The three main problems with this approach are:

  • The PCC is a mediation body and it is not within its DNA to regulate. There have been multiple attempts to reform the existing body without success. It is hard to see certain news groups agreeing painful sanctions or powerful investigative powers
  • There is little reason to believe that certain news outlets, such as the Express Newspapers, will be minded to re-join the reformed organisation (let’s call this the ‘Desmond problem’)
  • This is unlikely to satisfy the large numbers of members of the public or politicians who want radical and effective reform

3. Create an independent regulator

This is the route already referred to by the Deputy PM and referenced by others including The Guardian. Its analogies are bodies such as the Advertising Standards Association (ASA). Though this is self-regulation it would require some sort of arms-length regulatory backstop. In the case of the ASA that comes in the form of the Office of Fair Trading (for non-broadcast advertising) and Ofcom (for broadcast advertising).

In this model news organisations would probably be required to sign up to a self-regulatory system that adhered to some basic criteria. There may be more than one self-regulatory system, but each one would have to adhere to the same baseline.

In such a system it would be much easier to create and police sanctions, and it would be possible to invest the regulator with investigatory powers. It could also provide a genuine alternative to the court system which has already become unaffordable to most claimants and defendants.

The three main problems with this approach are:

  • It is unclear how it would be funded since it would, inevitably, be more expensive than the current system
  • The regulator would not be invested with significantly more powers than in option 1 such that – to address issues like phone hacking – independent regulation would need to be paralleled by changes to existing laws (e.g. Section 55 of the Data Protection Act)
  • Certain news organisations would protest strongly against any regulatory backstop, even at this arms length

4. Extend a watered down Ofcom to cover all major media organisations

This is the option favoured by some academics, lawyers and politicians. It would necessarily require some changes in the way Ofcom operates. Few, for example, would favour the extension of rules on impartiality to the press. In other words, the current Ofcom code would need to be relaxed.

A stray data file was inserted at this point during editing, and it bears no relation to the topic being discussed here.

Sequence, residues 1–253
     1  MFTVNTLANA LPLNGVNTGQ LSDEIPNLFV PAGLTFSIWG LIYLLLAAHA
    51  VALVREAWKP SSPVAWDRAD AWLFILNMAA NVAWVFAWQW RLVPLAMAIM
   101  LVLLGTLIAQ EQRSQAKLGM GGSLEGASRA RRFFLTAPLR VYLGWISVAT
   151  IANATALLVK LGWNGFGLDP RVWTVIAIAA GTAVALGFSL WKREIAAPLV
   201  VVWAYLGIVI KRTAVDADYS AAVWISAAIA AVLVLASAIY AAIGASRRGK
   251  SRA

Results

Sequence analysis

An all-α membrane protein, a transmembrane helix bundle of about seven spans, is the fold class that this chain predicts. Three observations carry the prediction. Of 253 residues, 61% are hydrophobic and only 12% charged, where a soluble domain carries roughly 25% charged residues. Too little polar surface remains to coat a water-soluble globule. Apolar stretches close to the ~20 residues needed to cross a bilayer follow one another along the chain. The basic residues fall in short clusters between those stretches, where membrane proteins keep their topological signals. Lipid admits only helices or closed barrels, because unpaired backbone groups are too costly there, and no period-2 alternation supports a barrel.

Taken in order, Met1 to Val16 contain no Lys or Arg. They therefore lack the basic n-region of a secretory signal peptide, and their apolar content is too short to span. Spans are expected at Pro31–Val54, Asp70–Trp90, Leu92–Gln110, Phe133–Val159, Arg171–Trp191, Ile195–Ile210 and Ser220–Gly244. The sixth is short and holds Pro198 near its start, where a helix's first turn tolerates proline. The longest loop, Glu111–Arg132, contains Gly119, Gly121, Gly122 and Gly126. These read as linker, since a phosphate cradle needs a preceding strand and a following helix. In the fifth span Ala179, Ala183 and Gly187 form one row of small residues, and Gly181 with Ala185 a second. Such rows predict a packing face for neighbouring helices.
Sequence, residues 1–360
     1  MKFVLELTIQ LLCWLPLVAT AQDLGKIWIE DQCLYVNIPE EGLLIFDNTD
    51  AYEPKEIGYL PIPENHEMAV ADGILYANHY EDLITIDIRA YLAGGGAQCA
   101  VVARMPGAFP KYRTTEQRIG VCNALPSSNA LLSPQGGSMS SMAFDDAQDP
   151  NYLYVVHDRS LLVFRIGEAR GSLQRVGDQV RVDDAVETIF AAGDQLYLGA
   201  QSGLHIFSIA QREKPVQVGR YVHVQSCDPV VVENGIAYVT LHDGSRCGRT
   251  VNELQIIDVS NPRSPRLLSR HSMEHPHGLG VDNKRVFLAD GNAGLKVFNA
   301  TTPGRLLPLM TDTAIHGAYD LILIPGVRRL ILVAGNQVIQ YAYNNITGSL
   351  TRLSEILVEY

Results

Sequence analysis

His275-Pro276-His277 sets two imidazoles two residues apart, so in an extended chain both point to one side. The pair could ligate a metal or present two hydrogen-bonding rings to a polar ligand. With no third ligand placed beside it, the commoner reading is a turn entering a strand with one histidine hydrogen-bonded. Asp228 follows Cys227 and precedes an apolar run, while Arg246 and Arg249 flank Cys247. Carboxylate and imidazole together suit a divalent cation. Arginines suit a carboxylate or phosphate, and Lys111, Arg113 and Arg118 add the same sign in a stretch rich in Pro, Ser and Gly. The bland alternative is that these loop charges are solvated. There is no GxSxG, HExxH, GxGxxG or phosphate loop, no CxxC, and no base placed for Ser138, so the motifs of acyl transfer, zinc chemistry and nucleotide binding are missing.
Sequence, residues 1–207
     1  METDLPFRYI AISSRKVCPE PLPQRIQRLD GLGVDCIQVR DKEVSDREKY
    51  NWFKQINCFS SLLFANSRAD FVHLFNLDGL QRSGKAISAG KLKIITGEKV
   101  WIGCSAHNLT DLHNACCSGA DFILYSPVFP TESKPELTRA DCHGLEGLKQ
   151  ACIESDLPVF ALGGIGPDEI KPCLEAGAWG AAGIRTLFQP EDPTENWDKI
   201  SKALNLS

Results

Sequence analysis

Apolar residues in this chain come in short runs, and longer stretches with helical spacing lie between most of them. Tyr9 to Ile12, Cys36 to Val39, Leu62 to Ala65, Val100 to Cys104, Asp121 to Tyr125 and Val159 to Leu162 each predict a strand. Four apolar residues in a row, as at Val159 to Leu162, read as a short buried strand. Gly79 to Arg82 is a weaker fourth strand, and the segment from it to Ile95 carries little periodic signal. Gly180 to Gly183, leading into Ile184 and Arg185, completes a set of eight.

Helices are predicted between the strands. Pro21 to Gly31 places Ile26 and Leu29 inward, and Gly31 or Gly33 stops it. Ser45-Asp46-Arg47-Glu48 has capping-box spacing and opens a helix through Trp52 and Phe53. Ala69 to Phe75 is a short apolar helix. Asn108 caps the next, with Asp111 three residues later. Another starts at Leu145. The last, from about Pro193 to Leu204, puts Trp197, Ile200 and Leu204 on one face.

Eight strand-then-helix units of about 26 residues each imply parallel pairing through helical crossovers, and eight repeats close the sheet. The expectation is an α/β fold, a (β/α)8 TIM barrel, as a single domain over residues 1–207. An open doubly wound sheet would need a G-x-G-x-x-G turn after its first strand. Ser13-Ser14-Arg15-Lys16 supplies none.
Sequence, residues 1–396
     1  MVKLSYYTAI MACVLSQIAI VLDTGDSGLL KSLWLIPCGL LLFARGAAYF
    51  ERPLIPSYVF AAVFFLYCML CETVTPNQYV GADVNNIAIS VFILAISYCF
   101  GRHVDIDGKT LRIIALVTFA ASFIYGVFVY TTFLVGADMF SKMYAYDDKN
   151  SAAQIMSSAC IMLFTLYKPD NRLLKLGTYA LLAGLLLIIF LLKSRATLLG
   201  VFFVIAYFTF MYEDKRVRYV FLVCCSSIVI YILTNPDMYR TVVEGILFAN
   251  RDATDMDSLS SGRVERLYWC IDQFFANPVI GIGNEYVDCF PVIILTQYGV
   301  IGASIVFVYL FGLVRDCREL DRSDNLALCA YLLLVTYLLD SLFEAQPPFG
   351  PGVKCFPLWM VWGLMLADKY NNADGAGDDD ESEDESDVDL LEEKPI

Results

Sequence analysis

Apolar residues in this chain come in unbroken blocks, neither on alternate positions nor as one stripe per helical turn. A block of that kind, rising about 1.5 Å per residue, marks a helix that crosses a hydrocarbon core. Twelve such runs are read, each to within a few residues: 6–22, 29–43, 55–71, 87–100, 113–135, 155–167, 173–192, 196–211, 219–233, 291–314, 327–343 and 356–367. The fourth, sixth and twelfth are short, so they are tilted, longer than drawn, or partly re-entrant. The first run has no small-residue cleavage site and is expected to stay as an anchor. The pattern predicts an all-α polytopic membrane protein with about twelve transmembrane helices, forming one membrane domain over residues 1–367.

However, even were the code to be relaxed this would, for the press, mean a significant extension of regulation. It would mean that any commercial news outlet with an audience over a certain threshold could fall within the revised Ofcom remit. As such they would be required to adhere to a code or risk some sanction, such as a fine. This would satisfy those who believe a media regulator needs teeth if it is to be effective.

Another benefit of such an approach, from the perspective of the public, is simplicity. There would be one media regulator, with slightly reduced powers but a much broader remit.

The three main problems with this approach are:

  • Most of the press would fight to prevent it being instituted, fearing such a regulator would limit press freedom.
  • It would cost more than the current system and it is unclear who would pay for it
  • It may be expected to cover – but struggle to deal with – the internet

5. Create a professional body for journalists

In this option the PCC would be replaced with a ‘Journalism Society’, which would operate in a similar way to the Law Society, the representative body for solicitors in England and Wales. The body would be open, global, and independent. This option was first outlined by John Lloyd in the FT in July – from which the description below is taken.

A ‘Journalism Society’s’ stakeholders would include representatives of the government; the educational establishment; civil society (for instance relevant non-government organisations and policy institutes); industry and finance; and the news media. All of these would be committed, under its charter, to pluralist, independent, opinionated news media, working within the law.

This way there would be a much broader commitment to the free press, and no one interest would dominate.